Time for Peace Pipe, Shapiro Says

California racing leaders look ahead after voters approve massive gaming expansion.

Now that voters in California have decisively approved a massive increase in Indian gaming for four large Southern California tribes, the chairman of the California Horse Racing Board said it is time for the tribal casinos to help out his ailing industry with financial mitigation.

Richard Shapiro, the board's chairman, also said the industry should put an end to ballot-box clashes with the powerful tribes, which poured more than $100 million into a campaign to convince the electorate that the state's share of expanded gaming revenue would help alleviate a general fund deficit of $14.5 billion.

"I would hope that the massive increase in revenues these tribes will receive from these compacts will make them more willing to work with racing to benefit racing," Shapiro said. "At the same time, many now feel that with the compacts approved, the tribes have no incentive to work with racing. We'll have to see which way they go."

Shapiro was reacting to the results of California's Feb. 5 propositions that will add up to 17,000 slot machines to the four inland tribal casinos that each operate 2,000 machines. With full results tabulated, voters approved each of the four measures by 56%-44%.

It was a grim blow for the company that owns Bay Meadows and Hollywood Park, Stockbridge Real Estate Fund, which had pumped in nearly $6 million to defeat the compacts. Terry Fancher, Stockbridge's real estate fund manager, did not return telephone messages seeking comment on what the vote could mean to the future of his tracks.

Bay Meadows opened for the 74th year Feb. 6 but the 70-day meet is expected to be the final one for the track, which is scheduled to be demolished for a development project later this year.

Jack Liebau, the president of Bay Meadows, could not be reached for comment. But speaking on the effect the election had on the track's future, he told Daily Racing Form: "If the vote had gone the other way and we could see a light at the end of the tunnel, then our plans might have changed. But that's not the case."

Stockbridge carried the fight for racing in cooperation with two tribes that have less favorable operating agreements with the state and a large labor union. They collected the signatures that put the measures on the ballot after Gov. Arnold Schwarzenegger made the agreements with the tribes and they were ratified by the state legislature.

While the anti-forces raised more than $28 million, they could not come close to matching the fundraising prowess of the Pechanga Band of Luiseno Indians and the Morongo Band of Mission Indians in Riverside County, the Agua Caliente Band of Cahuilla Indians in Palm Springs, and the Sycuan Band of the Kumeyaay Nation near San Diego.

Shapiro noted that most in the racing industry had seen enough of the tribes' political clout in an earlier initiative effort to curtail their monopoly over Las Vegas-style gaming in California. That effort, Proposition 68, was a disaster.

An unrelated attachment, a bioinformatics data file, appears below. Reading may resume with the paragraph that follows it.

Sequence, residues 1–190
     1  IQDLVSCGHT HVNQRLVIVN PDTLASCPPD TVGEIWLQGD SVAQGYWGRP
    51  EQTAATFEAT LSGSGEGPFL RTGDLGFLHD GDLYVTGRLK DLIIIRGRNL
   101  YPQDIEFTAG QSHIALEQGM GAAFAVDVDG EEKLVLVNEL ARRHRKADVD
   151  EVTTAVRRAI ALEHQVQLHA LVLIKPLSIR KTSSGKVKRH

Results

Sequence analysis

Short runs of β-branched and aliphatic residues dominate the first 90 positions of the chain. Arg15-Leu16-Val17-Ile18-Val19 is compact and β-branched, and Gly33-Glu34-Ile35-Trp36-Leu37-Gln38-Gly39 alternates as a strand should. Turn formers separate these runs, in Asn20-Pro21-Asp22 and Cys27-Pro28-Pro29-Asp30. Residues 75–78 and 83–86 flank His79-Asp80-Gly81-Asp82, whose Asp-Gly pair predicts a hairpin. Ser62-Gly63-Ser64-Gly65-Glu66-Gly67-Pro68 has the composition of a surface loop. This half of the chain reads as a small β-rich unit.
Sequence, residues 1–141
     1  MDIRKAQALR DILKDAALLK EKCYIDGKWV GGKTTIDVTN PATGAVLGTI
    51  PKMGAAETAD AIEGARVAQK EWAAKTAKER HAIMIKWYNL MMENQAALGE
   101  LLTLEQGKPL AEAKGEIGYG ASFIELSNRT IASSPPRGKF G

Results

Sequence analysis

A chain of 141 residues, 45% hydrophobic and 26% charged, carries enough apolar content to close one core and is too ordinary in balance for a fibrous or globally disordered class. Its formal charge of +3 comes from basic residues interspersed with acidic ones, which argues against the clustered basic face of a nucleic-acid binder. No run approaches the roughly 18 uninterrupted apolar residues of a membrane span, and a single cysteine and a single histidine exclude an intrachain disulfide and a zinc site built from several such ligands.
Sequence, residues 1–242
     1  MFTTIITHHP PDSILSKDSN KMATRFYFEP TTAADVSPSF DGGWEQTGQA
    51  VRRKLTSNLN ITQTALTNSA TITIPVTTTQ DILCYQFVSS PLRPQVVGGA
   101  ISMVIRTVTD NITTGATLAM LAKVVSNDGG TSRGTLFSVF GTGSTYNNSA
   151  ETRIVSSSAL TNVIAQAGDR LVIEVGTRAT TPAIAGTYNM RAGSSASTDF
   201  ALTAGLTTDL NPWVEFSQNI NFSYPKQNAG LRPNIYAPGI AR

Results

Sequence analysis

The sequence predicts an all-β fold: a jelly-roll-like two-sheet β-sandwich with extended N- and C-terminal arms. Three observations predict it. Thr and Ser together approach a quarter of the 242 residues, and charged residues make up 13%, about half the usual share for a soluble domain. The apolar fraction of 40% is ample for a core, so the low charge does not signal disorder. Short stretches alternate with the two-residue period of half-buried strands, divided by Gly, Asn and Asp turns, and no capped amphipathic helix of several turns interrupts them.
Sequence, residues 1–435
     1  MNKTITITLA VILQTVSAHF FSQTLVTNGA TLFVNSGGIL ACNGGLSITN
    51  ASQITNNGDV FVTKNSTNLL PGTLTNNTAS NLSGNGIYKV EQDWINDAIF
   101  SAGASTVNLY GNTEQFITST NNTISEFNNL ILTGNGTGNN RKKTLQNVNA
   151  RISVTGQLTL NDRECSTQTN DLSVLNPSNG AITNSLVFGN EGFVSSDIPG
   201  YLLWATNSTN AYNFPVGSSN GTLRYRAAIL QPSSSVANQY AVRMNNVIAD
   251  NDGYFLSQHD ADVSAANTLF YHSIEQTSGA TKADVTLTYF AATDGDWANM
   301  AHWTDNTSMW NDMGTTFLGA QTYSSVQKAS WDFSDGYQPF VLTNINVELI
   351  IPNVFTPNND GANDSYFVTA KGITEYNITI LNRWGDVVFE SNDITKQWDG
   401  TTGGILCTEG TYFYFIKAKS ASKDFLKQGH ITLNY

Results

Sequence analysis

"Racing cannot compete economically with the tribes, who have far too many financial resources and can outspend us any day of the week," Shapiro said.

As a result, the other racing associations in the state and the California Thoroughbred Breeders' Association took no position this time. The Thoroughbred Owners of California, involved in discussions with several tribes, urged its membership to vote in favor of the compacts.

 "As Californians we saw that the state is in a dire financial state," said TOC president Drew Couto. "We just saw this as the right thing to do."

In a letter to its membership sent before the vote, the TOC said a "no" vote would not help tracks get any closer to gaining slot machines, which would require a constitutional amendment opposed by a large majority of the voters in the state.

"Consequently, we do not feel that opposing these compacts, the will of our governor, and/or the collective judgment of the legislature is a prudent and wise decision for those who have a long-term commitment to the success of California racing," the letter said.

"While others may question the sincerity of the tribes with whom TOC has chosen to work, TOC leadership believes that these tribes do in fact share a legitimate and valid desire to work with our industry – and owners in particular – in exploring means to help one another."

Shapiro agrees with the TOC approach. He said the industry should not oppose future expansion of gambling in the state.

"Why not find a way to say, 'Let them have what they want so that we can get what we need,' whether that's Instant Racing (video wagering games) or subsidies," Shapiro said. "Here we had a governor and legislature that passed these deals and supported them publicly. We're up against a powerful lobby and we're not going to win this fight. I just believe we're better off making alliances.

"A number of people in the (racing) industry agree and they've been working in that direction. So we'll see what happens. I know that at the same time, a lot people think that mitigation will never happen, that the tribes have no incentive to work with us. They say, 'Richard, you've been smoking that peace pipe for too long.' "

Schwarzenegger bet that voters would approve the deals. The budget he proposed in January assumed almost a half-billion dollars in new revenue from the casino-operating tribes. The state's legislative analyst puts the general fund take at a minimum of $131 million annually. The compacts are in effect until 2030.

Those opposed argued the deals unfairly consolidate casino wealth in the hands of a few tribes in California while doing little to help dozens of others that remain in poverty in the state. They also worry the agreements will further hurt racetracks and ignore workers' rights.

The deals gained in polls in recent weeks as Schwarzenegger began campaigning heavily for them.